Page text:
The eye is a remarkable organ, which transmits the visual world around us to the brain via a complex network neural network. Part of the system is optical, just like a camera. Images are focused upon the retina by the cornea, which has the most refractive power, but cannot change its focusing power. The lens, which lies behind the pupil and iris, does have variable power, allowing us to change gaze from a distant object to a near one. This process is called accommodation. This ability declines with years, as all too many of us are aware when we try and read the small print! – this is called presbyopia.
The image is transmitted from the retina to the brain by the optic nerves and visual tracts. The retina can be likened to the film in a camera.
I am not a refractive surgeon. I cannot give you the fine detail, but I hope that I can give you an idea of whether refractive surgery is something that you may like to pursue.
In myopia (left diag) the image is focused in front of the retina, this corrected with a concave (-) lens
(middle diag) and in hypermetropia a convex (+) lens brings the focal point back from behind the eye onto the retina.
• Hypermetropia, or long-sightedness. This occurs when the eye is too short (most commonly), or the lens inside the eye is not powerful enough. The result is that an image is brought to focus behind the retina, and some more positive lens power (+ convex lens) is required. In youth the accommodating power may be sufficient to get away with it, but as the years advance this will not be the case. Typically reading glasses are required at an earlier age in this group and distance glasses will follow. If there is enough long-sightedness glasses will be required both for distance and near at an early age.
• Myopia, or short-sightedness. This occurs when the eye is too long (most commonly) or the lens power is too strong. The result is that the image is in focus in front of the retina. A diverging lens (- power concave lens) is required to correct the vision.
• Astigmatism, with both refractive disorders there is an annoyance called astigmatism, which can prevent a focused image from appearing at the retina. Basically it occurs when the refractive system of the eye behaves in a non-spherical way. All good lenses are spherical. By adjusting the lens system so that the lens is aspherical (rugby or footy ball shaped) the vision can be corrected.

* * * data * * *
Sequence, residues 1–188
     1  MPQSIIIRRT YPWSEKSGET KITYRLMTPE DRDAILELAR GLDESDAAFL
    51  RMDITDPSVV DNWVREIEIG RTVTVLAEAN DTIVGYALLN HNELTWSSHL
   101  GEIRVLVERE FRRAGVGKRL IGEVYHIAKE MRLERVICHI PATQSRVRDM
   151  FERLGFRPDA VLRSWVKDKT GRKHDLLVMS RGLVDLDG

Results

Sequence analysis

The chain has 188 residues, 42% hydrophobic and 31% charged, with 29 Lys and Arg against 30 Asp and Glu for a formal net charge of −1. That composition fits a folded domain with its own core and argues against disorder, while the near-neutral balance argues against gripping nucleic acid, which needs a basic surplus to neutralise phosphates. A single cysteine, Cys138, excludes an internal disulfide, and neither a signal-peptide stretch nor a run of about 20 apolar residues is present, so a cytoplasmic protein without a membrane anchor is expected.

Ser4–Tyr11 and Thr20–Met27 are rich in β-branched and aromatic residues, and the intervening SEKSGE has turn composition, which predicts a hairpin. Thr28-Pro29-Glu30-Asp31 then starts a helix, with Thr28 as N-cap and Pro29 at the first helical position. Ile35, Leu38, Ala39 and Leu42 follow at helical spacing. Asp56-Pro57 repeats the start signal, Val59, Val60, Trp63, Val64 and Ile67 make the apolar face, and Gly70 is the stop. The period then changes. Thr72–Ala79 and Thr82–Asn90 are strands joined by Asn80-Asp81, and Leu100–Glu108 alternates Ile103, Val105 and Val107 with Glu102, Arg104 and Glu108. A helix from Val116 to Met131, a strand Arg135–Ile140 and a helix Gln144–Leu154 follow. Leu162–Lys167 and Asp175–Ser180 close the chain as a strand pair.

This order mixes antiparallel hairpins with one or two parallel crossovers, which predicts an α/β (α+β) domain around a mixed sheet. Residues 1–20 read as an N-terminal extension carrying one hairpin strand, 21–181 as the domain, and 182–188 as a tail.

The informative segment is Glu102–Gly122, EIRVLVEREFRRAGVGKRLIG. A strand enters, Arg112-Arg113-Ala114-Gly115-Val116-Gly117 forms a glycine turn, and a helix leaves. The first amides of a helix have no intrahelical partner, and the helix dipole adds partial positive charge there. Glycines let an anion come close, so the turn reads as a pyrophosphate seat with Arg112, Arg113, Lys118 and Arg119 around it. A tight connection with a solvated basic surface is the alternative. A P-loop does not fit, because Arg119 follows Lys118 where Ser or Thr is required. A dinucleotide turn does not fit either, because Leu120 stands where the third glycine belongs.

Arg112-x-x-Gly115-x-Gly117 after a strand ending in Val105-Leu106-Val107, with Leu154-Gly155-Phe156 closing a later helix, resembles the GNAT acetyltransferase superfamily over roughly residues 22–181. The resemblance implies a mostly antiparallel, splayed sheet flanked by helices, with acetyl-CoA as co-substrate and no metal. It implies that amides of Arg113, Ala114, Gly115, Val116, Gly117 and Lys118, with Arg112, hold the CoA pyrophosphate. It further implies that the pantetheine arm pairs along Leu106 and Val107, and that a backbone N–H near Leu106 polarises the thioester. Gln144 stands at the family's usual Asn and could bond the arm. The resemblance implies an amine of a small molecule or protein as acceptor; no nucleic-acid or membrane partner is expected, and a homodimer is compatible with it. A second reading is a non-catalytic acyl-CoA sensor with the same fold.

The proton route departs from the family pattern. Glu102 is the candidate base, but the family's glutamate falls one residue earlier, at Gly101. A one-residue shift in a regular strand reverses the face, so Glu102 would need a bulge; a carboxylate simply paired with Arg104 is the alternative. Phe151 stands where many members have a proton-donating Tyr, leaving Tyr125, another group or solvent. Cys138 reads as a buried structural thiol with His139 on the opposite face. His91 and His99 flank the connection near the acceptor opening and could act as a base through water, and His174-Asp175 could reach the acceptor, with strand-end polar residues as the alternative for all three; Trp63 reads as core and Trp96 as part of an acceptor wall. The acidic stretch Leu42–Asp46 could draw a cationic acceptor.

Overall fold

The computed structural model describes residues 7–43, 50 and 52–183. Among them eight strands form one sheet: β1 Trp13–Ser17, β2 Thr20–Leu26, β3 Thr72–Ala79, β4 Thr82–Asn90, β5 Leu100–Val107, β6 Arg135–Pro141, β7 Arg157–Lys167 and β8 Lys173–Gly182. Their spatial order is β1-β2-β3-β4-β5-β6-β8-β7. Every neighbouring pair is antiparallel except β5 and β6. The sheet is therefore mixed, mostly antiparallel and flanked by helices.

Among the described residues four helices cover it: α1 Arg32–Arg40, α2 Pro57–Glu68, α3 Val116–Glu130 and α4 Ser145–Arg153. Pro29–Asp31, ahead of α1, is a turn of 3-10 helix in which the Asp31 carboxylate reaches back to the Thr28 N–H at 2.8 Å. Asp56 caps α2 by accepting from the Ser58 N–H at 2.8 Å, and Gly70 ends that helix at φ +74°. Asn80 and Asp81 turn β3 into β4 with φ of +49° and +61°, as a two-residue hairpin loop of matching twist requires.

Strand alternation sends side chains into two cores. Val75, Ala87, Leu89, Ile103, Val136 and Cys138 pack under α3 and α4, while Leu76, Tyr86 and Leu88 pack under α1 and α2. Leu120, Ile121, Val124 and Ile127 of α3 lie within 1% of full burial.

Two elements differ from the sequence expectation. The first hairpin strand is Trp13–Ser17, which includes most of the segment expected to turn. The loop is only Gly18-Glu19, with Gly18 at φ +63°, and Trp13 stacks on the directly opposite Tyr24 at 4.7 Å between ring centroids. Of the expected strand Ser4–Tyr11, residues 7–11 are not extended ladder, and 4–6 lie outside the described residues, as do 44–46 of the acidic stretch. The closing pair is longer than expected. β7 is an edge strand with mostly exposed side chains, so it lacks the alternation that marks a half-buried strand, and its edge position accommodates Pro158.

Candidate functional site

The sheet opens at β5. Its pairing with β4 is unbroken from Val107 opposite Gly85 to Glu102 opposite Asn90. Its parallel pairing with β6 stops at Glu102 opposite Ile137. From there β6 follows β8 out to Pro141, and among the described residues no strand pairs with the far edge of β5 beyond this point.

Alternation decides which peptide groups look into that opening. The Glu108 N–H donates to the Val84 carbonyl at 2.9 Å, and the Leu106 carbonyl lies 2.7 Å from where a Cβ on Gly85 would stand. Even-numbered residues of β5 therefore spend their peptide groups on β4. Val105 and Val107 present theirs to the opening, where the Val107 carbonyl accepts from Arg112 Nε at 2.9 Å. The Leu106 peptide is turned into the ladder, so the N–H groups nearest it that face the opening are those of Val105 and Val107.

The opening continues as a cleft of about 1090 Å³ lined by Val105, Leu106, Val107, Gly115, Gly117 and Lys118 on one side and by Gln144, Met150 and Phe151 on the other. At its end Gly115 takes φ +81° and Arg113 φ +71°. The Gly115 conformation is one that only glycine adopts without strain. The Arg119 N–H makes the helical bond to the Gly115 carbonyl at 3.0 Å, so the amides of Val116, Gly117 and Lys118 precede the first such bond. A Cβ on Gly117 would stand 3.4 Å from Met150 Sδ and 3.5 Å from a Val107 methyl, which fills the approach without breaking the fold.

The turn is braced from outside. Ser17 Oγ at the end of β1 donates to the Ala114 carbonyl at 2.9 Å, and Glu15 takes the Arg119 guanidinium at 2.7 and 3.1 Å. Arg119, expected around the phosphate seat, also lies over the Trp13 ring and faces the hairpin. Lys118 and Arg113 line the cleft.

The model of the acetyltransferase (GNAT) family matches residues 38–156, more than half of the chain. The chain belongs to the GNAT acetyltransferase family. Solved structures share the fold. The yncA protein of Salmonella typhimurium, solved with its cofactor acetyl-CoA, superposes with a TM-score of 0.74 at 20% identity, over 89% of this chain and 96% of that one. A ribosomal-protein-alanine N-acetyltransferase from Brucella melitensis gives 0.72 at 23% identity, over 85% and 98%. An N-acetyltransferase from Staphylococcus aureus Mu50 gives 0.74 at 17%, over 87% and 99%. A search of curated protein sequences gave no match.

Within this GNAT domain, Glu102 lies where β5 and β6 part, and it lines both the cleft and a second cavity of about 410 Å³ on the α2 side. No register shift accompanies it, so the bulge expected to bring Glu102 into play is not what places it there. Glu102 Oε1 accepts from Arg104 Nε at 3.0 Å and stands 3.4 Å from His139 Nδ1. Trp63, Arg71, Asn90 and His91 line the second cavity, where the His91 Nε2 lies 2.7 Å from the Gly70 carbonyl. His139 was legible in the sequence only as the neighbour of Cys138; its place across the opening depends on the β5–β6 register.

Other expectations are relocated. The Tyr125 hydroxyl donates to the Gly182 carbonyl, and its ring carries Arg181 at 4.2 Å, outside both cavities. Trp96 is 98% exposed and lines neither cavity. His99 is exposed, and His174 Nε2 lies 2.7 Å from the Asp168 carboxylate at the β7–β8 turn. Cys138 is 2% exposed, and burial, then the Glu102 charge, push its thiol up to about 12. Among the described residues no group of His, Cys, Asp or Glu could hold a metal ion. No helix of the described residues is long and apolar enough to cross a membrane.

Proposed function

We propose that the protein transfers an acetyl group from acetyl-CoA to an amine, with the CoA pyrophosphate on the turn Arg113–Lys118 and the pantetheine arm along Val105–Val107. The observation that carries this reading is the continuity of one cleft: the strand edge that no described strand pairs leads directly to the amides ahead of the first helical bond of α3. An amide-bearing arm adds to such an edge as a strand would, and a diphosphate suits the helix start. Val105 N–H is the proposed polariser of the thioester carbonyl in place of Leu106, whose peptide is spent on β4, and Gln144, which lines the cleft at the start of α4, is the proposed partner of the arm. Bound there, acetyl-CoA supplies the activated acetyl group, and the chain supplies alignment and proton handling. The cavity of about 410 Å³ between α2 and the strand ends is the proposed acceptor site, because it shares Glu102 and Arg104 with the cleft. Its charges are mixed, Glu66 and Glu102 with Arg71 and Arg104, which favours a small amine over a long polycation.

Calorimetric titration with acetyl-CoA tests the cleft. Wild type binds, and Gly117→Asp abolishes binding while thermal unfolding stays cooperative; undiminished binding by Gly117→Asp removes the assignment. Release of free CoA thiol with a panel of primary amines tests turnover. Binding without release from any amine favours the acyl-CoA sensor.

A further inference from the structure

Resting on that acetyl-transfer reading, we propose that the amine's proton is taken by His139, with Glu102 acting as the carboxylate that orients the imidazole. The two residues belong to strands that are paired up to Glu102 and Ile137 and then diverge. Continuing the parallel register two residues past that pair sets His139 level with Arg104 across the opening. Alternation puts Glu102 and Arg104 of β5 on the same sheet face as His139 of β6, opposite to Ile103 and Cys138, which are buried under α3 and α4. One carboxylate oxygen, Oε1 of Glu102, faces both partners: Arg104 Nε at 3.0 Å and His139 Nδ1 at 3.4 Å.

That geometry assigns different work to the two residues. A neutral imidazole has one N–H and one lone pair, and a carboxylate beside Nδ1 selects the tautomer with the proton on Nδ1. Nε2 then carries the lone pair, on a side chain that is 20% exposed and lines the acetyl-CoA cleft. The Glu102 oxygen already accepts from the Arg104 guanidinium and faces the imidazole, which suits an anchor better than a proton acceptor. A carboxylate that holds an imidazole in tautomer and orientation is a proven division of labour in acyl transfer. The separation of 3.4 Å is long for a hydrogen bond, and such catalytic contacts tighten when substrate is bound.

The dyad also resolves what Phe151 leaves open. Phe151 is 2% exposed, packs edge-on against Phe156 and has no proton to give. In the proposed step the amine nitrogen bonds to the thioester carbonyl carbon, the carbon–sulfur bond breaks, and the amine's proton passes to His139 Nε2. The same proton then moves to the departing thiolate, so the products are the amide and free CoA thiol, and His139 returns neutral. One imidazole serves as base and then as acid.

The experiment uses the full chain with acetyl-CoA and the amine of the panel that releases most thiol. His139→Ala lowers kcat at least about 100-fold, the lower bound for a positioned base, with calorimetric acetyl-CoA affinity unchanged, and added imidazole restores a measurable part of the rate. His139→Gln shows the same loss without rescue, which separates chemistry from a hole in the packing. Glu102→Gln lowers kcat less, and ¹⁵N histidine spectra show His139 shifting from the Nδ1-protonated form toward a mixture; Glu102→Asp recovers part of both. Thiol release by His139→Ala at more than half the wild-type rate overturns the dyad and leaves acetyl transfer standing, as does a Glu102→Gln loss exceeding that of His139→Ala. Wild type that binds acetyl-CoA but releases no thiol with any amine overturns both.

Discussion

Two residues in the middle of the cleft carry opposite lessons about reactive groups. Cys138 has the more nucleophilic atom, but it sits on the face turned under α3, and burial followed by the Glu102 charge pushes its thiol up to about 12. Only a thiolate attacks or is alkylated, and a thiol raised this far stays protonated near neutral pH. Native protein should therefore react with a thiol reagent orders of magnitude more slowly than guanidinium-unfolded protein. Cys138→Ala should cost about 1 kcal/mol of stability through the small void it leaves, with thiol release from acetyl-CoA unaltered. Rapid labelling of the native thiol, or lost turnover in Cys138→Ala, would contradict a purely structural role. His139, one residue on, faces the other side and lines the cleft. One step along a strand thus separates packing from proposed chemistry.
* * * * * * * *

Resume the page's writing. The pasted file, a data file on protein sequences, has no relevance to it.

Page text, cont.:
Refractive surgery aims to correct the disorders above. This is where we need to have a think about delivery Vs expectation. It is not unreasonable to wish to have perfect vision, both for distance as well as reading, just as we did when we were 15 yrs of age; this can be delivered so long as you are still young and have some of that lens accommodating power. The problem in terms of expectation begins when you are in your forties, since the accommodating power has weakened. More about that, later.
The three broad types of surgery available are:
- Laser ablation – PRK or LASIK or variants thereof
- Refractive lens exchange
- Intraocular contact lens (Phakic IOL)
Before considering these you should be aware that we are talking about surgery here. This has attendant risks, which, are very small but they are still greater than a pair of glasses ever will be. I always tell patients that nobody has ever been blinded by a pair of glasses – which is nearly true, but of course glasses can rarely shatter!
Contact lenses, on the other hand, do have attendant risks; particularly if guidelines are not followed.
What are the aims of surgery?
Ideally, the aim is to be spectacle or contact lens free.
The cornea can be re-shaped either to add refractive power (more convex +lens power) in the case of hyperopia, or reduce power (more concavity – lens power) in the case of myopia. This is achieved with an Excimer laser which vaporizes the corneal tissue with an extraordinary precision, whist preserving surrounding tissue.